Faculty coordinator Jennifer Ochstein (back row, at left) gathers with Bethel students (back row, from left) Chelsea Anglin, Amber Elder, Taylor Gillam and (front row, from left) Samantha Lukas, Laura Reffey and Emily Myers at the Juvenile Justice Center in South Bend. The group meets with incarcerated girls each week as part of “Writing for Life.”

During the fall 2014 semester, a group of Bethel College writing students spent their Monday evenings giving incarcerated girls, ages 15-17, a voice through journaling and creative writing. It’s all part of Writing for Life, a volunteer-based program established at the Juvenile Justice Center (JJC) of St. Joseph County by Jennifer Ochstein, assistant professor of writing at Bethel College.

The program is modeled after Reading for Life, a nonprofit mentoring organization that teaches virtues through literature and has proven to be successful at the JJC.

Like Reading for Life, Writing for Life includes a mentoring component, and an emphasis is placed on building character and identity.

“It’s all about thinking about how experiences have shaped these girls and helping them decide what kind of person they want to become,” Ochstein says.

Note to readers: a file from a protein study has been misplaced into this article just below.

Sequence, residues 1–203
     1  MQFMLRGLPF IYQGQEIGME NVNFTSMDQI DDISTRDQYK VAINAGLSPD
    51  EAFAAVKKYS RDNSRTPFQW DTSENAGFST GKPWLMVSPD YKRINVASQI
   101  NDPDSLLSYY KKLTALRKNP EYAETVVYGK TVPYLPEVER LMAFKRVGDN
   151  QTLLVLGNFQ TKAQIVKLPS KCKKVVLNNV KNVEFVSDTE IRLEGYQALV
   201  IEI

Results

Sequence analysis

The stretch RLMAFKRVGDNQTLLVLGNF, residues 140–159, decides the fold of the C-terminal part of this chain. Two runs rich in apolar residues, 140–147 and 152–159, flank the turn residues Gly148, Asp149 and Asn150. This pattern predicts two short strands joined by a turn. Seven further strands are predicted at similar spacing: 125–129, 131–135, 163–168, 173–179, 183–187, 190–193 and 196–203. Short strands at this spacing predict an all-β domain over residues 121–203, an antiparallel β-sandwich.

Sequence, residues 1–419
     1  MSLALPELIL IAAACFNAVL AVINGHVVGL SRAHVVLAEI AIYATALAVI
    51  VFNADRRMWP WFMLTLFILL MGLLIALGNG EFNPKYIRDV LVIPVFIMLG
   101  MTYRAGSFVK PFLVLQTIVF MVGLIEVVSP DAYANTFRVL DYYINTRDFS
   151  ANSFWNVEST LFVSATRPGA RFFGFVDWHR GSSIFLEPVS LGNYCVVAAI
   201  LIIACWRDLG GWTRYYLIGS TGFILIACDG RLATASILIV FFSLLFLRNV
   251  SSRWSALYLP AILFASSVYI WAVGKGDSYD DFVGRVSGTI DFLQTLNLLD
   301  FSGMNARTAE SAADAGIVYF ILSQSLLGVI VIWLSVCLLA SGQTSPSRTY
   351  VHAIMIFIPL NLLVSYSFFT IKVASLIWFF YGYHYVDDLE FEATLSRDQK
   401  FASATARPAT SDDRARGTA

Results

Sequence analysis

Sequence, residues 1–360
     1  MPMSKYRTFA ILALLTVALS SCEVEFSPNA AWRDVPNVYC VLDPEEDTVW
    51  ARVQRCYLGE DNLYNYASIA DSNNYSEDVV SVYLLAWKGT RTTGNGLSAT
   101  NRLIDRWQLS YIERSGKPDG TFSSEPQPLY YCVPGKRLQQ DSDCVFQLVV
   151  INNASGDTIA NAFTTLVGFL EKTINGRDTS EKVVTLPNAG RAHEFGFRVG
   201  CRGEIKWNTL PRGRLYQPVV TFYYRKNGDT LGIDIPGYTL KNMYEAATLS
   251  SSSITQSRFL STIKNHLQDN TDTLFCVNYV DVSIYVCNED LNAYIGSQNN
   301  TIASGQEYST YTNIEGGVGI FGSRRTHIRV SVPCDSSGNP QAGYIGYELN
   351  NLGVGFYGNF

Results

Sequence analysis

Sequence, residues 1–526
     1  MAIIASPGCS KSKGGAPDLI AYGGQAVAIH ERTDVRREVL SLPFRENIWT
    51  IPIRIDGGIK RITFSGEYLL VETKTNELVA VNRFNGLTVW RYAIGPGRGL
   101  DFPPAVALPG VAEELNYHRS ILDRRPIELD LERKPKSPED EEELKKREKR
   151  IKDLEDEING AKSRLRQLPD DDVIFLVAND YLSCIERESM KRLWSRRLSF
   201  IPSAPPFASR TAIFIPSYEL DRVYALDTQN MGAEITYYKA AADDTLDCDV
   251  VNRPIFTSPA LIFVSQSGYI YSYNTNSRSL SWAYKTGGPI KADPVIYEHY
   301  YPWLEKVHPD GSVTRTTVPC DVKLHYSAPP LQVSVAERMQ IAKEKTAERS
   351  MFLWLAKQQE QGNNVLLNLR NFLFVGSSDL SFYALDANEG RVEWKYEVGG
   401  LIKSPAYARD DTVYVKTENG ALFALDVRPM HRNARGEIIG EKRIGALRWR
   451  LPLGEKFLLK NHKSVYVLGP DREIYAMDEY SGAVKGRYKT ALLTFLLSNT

As part of the program, each girl is given a donated journal to write in and keep. And since the population at this short-term facility is constantly changing – the average stay is just two to four weeks – the number of participants is as well.

That’s why each session is self-contained, beginning with a discussion of what the girls like or dislike about writing. Then, Bethel volunteers talk one-on-one with the girls and do an in-class writing prompt, such as, “Write one memory that seems to dominate your life right now.”

Girls can share if they wish, and use writing prompts to express themselves throughout the week.

The results have been transformational.

“One girl was completely shut down and not at all interested, but by the end of the night, she was in tears,” says Bethel Junior Chelsea Anglin. “They’re taking something awful and turning it into something beautiful. And we’re seeing community happening through writing.”

Sean Coleman, director of detention at the JJC, says the program has been so well-received that what started as a seven-week commitment has extended to next semester.

“This is the first writing program and we’ve heard really good things about it,” he says. “The kids are engaged – we’d like it to continue as long as it can,” he says.

As part of the program, girls may choose to transform their work into creative nonfiction, poetry or memoir for publication in Bethel’s literary magazine, “The Crossings,” which will be published online this winter.

“So far we’ve received four submissions,” says senior Samantha Lukas, who serves as the Writing for Life editor for “The Crossings.” “The girls are really excited about being published.”